While poring over Fitbit's financials last week, I opined that the company just needs to get through this transitional period to the place where it can start delivering more meaningful biometric insights. But this doesn't just apply to Fitbit, it's the entire industry - and it's a waiting game.
You see, we're in a bit of limbo. The wearable tech market has saturated; some companies which got in early have stepped back, others have stepped in. Miniaturization of hardware has made wearables sleeker and smarter, but the sensors are still hobbling behind. It's those sensors we need to get from Wearable Tech 1.0 to version 2.0, and it feels like we're about to make a breakthrough.
It's in the pivot from fitness metrics to broader wellness that wearable tech will hit the big leagues. We've seen stirrings: Garmin and Fitbit have started looking at heart rate variability, a better indicator of overall wellness and stress levels, in their recent devices. Meanwhile data analysis is running deeper and more insightful. But the best is yet to come.
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We recently revealed Fitbit will be changing its sensor technology in its as-yet-unnamed smartwatch, using red light technology. As editor Mike explains in greater depth, this could be significant: red light tech is used to track things like pulse oximetry, a measure of blood oxygen levels. Green light photoplethysmography on wearables was so far proved uneven in accuracy and limited in the physiological parameters it can read; red could be a tipping point. Blood oxygenation for example, the measure of a body's O2 saturation (note: different to VO2 Max - that's maximum oxygen consumption), can alert you to respiratory and other life-endangering problems.
Elsewhere, the team over at BSX Athletics think they've cracked hydration tracking with LVL - although frustratingly have just delayed the wearable until 2018. Despite hydration being so essential to exercise, sleep and, well, just about everything, it's not yet surfaced in wearables. It's coming though.
Fitbit's progress in sleep tracking too has given users more reason to pay more attention to what their tracker is telling them, and CEO James Park says the company is looking to tackle hypertension, arrhythmia and sleep apnea. One in three Americans suffer from high blood pressure - imagine if this was something a simply fitness tracker could watch, no uncomfortable cuff required. Ranndy Kellogg, CEO of Omron Healthcare, told me he thinks a commercially viable wearable blood pressure - using optics, doppler or another method - will surface between two and five years' time.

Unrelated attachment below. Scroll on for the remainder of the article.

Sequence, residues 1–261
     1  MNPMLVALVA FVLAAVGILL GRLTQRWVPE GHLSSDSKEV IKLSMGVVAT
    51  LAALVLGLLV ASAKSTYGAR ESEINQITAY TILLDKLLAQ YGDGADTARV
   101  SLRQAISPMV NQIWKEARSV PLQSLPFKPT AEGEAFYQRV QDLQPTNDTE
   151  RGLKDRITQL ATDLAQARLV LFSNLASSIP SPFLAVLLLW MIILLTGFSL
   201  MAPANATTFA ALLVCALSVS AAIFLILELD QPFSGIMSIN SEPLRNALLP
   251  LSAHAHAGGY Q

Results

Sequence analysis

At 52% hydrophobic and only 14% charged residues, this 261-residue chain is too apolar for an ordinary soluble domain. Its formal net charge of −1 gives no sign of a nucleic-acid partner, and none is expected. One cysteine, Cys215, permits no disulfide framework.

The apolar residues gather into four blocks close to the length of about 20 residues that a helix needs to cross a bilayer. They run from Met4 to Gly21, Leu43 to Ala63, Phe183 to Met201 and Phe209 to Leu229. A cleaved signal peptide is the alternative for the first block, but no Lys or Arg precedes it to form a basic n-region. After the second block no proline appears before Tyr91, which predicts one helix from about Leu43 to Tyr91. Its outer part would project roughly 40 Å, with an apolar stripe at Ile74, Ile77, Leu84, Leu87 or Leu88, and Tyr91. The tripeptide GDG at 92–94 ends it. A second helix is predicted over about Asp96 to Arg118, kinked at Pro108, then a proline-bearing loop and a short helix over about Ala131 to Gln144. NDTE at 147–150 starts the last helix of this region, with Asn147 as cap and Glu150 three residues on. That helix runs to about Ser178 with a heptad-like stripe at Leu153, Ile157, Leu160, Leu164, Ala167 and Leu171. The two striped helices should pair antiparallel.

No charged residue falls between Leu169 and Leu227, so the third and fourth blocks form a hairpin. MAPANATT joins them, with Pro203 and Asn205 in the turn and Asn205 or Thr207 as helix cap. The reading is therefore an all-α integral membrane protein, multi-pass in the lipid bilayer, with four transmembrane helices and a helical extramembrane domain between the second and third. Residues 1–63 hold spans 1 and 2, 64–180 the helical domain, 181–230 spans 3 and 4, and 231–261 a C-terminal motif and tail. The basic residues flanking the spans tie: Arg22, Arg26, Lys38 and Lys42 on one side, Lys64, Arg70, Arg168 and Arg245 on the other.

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Then there's non-invasive glucose monitoring, one of the holy grails of health tracking (yes, there are several), for which tech companies will inevitably find a solution, even if this one might be a bit further away. Apple is said to be working on it, and a team at Seoul National University in South Korea told me how they found a way to read glucose in small amounts of skin sweat on a wearable patch.
Leaked Jawbone documents show that the company was working on many of the things mentioned above, including a stress management wearable for measuring blood pressure, galvanic skin response, respiration and skin temperature. Another, based on a T-Stat oximeter, would be able to detect a heart attack coming on. The current state of Jawbone considered, we're not getting our hopes up that it will deliver any of this, but it's exciting that it has potentially found a way to make any of this work.
All of this is to come, and it feels like we're so close - we just need those sensors to catch up. At the convergence of miniaturized health sensors, wearable technology and effective machine learning, self-monitoring healthcare will explode. I think we're on the precipice, but companies like Fitbit need to weather the storm. Tech is a neverending game of shrinking parts, and in wearables Moore's Law feels more relevant than ever. Wearable Tech 2.0 is just around the corner, and it's all in those sensors.